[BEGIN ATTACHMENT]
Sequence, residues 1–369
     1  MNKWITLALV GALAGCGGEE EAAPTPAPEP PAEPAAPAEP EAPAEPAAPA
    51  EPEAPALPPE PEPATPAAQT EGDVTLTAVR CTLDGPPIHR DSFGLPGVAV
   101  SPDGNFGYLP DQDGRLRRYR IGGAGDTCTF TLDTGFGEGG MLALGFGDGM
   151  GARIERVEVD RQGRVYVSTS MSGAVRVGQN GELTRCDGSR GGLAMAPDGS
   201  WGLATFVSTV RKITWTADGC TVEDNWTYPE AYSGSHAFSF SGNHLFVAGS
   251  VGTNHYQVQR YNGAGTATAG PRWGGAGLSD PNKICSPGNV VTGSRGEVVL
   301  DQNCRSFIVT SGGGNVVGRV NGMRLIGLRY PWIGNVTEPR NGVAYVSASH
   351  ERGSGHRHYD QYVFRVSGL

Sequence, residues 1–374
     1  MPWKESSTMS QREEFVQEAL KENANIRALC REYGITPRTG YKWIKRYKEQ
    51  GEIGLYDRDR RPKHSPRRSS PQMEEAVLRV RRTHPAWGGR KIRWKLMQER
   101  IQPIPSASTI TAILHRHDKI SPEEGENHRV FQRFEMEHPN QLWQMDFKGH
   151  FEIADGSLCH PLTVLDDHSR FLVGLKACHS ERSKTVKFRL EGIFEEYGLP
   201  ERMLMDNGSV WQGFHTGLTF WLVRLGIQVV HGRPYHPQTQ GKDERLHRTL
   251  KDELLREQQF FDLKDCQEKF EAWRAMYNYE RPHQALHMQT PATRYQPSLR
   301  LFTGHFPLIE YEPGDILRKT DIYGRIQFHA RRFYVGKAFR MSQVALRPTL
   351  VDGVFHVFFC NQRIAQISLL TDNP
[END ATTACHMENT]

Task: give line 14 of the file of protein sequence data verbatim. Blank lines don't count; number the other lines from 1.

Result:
   151  FEIADGSLCH PLTVLDDHSR FLVGLKACHS ERSKTVKFRL EGIFEEYGLP